Design Solutions for the “Super Gray” High Capacity Sprigger
Mickey Friedrich, Darren George, Cash Maitlen, Matt Steinert
Bermuda King L.L.C. developed the Super Gray prototype to specifically fill the needs of customers who plant large acreages, demand high planting rates, or for other reasons require a large box capacity. According to Brian Henderson, president of Bermuda King, Bermuda King L.L.C. manufactured the Super Gray prototype as an alternative to their rollback machine for increasing sprigger box capacity. This report discusses the results of our investigation as well as proposed design improvements. Expense, feasibility, and effectiveness governed the design criteria for all proposed improvements. Bermuda King petitioned the Department of Biosystems and Agricultural Engineering at Oklahoma State University in an effort to trace and resolve some performance issues of the Super Gray prototype sprigger. Upon completion of initial testing, the Department of Biosystems and Agricultural Engineering senior mechanical design team determined there was much room for improvement with regards to the machine’s planting uniformity. The prototype sprigger produced very erratic and inconsistent planting rates. It planted large clumps of sprigs in some areas while leaving other areas bare, and planting streaks across the width of the machine. In an effort to remedy the problem we conducted a series of tests and developed hypothesizes as to the cause of the problems. This outlines the solutions we propose to improve machine performance.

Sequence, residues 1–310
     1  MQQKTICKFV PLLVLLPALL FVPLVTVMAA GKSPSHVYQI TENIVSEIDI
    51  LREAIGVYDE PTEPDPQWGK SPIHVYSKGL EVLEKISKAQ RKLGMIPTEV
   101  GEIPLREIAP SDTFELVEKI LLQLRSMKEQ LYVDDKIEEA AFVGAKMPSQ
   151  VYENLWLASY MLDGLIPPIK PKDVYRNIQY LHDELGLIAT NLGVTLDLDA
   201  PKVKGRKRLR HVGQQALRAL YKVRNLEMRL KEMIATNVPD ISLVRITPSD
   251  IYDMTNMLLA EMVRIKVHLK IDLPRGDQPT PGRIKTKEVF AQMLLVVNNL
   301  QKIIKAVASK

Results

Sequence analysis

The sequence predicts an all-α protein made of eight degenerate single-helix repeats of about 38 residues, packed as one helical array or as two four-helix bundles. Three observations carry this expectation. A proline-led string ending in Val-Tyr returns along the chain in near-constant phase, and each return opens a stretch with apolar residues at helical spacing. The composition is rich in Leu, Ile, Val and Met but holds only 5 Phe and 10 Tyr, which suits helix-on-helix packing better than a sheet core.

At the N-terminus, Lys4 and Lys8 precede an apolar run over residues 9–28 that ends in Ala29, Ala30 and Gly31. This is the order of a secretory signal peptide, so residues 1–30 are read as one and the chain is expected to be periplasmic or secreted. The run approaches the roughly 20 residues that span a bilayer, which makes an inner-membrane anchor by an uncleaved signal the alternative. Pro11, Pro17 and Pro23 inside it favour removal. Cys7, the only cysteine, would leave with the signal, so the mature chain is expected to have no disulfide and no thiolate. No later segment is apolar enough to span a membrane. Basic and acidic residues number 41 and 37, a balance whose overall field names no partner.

The Super Gray prototype has the tendency to plant inconsistent rates of Bermuda grass sprigs. Our report offers Bermuda King L.L.C. a description of the problem’s sources. The following segment examines two possible causes of the observed problems. We hypothesize that the majority of Super Gray’s problems stem from its inefficient feeding system. The feeding system governs the planting rate and uniformity of the sprigger. In the current design, the excessive lengths of the flail bar knives combined with their high rotational velocity allow the sprigger to consume large clumps of sprigs at once resulting in highly inconsistent planting rates. In addition, the substantially larger throat area of the Super Gray allows the profile of sprigs to vary as the sprigger bounces across the field. The combination of these two design features allows the actual planting rate to vary widely to both sides of the set rate.
Scope of Work
Initially review the design modifications proposed for the “Super Gray” prototype and evaluate the effectiveness of these modifications. Next, provide a detailed description of the most plausible proposed solution. This includes providing and comparing design modifications to the sprigger’s existing feed mechanism with the current design. Propose and evaluate a series of additions to the prototype to create a funnel system for the throat area of the sprigger. Finally, assess the proposed solution feasibility based upon cost, time, and the effectiveness of the modifications. In fairness, part of this evaluation includes appraising the potential problems of the proposed solution.